The rest of the album fluctuates from these volume extremes.  While “Currents” and “Earth” continue the deep power strums and dark, emotional content, songs like “Emersion of the Islands” and “Leave” utterly wash away any built up tension.  It’s like sticking an ice cube down the back of someone’s shirt and then blasting them with a hair dryer; these songs give off completely opposite reactions.  I will say that the long goodbye of “Leave” (at nearly ten minutes) doesn’t do as much for me as “Emersion for the Islands”, mainly because “Leave” has nothing going on except a long, moonscape-walking static sound.  Great in space, numbing on Earth.

“Emersion for the Islands” has a very pleasant periodic strum of a guitar that acts as, for lack of a better description, a drop of warm honey on the shoulders that slowly drips down.  This causes a calming effect and makes for a wonderful meditative piece.  The song would also be a perfect soundtrack for that desert scene in “No Country For Old Men” where a gun battle took place but no one knows why.  Unlike its predecessors, the song is heavy in a completely different way.

If you’re into metal, definitely check Lento out at their MySpace page.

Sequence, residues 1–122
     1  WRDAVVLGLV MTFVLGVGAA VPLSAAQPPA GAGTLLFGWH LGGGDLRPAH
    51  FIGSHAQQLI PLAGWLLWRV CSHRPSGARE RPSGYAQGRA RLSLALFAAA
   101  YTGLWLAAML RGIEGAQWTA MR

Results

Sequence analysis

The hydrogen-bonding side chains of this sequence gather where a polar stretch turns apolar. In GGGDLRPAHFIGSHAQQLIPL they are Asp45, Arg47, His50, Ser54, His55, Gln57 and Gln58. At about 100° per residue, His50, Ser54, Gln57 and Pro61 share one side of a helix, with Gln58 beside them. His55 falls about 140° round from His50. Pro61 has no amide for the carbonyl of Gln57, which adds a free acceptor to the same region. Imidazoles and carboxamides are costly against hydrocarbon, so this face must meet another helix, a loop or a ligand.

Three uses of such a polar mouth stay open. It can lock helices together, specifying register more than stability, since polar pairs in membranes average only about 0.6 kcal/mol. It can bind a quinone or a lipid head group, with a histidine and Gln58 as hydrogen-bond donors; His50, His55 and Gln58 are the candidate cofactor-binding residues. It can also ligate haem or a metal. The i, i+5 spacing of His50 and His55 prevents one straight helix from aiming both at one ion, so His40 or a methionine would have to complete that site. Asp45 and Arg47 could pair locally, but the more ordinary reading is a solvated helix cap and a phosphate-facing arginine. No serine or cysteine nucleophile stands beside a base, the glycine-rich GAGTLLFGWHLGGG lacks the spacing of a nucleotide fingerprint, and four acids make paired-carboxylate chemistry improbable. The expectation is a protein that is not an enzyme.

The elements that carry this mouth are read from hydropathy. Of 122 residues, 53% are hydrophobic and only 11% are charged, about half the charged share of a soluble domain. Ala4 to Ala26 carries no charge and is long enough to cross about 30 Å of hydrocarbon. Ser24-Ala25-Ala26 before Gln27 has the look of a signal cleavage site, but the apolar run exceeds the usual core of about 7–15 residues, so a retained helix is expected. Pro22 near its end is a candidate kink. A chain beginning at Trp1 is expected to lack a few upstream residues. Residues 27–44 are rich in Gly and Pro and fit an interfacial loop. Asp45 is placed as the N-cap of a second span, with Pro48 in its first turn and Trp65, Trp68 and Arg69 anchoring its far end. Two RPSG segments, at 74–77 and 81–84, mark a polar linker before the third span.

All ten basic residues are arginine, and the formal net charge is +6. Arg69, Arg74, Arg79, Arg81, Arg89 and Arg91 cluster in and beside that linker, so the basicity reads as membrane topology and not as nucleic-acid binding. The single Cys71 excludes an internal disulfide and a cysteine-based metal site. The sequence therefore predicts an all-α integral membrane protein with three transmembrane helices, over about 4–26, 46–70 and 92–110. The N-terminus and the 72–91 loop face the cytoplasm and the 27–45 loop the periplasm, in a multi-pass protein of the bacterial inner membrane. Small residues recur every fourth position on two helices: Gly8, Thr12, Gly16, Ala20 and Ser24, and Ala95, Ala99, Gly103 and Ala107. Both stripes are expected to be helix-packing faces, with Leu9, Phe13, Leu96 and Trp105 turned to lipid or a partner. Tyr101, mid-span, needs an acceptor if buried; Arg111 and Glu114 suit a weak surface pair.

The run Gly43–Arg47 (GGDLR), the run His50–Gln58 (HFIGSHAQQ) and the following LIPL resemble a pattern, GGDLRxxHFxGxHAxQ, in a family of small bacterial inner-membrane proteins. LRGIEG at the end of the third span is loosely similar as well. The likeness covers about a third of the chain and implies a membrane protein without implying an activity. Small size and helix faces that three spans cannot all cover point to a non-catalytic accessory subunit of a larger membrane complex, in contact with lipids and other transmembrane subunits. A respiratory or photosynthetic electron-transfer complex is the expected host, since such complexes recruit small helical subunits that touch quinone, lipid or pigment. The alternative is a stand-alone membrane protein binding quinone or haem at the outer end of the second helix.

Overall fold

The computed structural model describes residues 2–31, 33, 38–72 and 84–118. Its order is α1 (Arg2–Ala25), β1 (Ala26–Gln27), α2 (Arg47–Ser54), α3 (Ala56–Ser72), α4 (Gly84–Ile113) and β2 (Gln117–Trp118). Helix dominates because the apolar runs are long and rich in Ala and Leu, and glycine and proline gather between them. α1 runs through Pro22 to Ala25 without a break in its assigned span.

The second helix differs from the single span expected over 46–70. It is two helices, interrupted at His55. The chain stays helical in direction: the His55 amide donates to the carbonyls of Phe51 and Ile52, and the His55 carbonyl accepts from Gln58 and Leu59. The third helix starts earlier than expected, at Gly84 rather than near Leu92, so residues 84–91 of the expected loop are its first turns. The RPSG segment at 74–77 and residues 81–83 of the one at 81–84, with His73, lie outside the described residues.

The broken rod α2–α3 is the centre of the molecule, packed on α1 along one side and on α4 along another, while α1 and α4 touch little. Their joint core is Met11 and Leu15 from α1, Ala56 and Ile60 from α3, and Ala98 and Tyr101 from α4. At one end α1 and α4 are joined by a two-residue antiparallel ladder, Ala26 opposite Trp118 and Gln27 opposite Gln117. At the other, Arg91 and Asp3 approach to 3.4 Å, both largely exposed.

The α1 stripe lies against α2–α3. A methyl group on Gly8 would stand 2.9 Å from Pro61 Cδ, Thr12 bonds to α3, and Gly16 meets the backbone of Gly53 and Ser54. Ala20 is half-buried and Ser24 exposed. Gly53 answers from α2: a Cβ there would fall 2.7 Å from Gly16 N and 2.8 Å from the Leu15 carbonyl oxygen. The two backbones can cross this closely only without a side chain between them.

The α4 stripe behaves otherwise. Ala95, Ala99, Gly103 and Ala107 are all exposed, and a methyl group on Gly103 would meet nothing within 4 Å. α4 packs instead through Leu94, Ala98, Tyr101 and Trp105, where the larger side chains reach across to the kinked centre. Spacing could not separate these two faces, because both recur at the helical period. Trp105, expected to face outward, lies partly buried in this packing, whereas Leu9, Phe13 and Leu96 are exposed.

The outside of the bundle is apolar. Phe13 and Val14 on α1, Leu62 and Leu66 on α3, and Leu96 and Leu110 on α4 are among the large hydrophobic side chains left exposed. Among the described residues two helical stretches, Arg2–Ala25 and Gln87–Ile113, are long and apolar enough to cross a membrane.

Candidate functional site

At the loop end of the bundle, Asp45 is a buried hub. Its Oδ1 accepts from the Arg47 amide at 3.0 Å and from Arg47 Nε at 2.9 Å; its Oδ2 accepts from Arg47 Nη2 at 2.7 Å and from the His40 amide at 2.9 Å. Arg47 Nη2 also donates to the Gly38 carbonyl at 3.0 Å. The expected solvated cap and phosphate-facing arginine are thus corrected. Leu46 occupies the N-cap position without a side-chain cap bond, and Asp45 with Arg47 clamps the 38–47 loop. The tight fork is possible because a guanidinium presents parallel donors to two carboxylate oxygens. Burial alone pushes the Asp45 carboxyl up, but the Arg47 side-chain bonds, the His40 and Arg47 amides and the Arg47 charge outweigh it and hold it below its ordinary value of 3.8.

Although Lento hasn’t put out anything new since this record (as far as I can tell online, that is), this would still be a good record to pick up for a different kind of metal experience.  I like the various moods that the band inflict on the listener, especially with the songs that sound like they want me to go to sleep only to blast me awake with the next tune.  Some may say that a band should stick to one sound so that fans can predict what they will like from them, but in the case of Lento I think they made the right choice in expressing how far their sonic boundaries will go.  If they ever put out something new, I look forward to hearing if they’ve veered more towards one extreme than the other.